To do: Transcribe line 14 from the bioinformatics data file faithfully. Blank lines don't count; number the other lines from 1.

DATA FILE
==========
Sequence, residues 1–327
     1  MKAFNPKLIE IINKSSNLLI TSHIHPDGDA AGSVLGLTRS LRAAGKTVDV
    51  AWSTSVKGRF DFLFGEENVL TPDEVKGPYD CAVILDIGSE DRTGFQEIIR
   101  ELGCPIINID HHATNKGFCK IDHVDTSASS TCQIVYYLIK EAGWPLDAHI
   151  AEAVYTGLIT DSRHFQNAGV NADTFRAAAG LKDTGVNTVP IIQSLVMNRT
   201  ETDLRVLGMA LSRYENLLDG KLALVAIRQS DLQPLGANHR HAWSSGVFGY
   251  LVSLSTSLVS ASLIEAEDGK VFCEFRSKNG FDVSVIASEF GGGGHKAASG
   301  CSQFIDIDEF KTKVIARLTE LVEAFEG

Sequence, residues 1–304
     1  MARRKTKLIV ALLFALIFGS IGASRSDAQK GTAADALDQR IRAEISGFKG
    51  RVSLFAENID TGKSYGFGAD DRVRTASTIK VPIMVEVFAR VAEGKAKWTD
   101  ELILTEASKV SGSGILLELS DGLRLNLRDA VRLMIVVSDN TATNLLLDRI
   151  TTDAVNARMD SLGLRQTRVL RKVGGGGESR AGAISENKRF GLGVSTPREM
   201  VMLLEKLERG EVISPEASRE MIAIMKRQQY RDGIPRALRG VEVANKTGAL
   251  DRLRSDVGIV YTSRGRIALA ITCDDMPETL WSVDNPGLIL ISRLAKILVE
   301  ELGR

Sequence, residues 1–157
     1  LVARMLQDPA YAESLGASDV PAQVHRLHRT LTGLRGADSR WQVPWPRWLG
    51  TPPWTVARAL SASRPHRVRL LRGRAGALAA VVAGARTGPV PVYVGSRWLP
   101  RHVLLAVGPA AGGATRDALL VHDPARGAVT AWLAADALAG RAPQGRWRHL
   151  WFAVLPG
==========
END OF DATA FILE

   201  VMLLEKLERG EVISPEASRE MIAIMKRQQY RDGIPRALRG VEVANKTGAL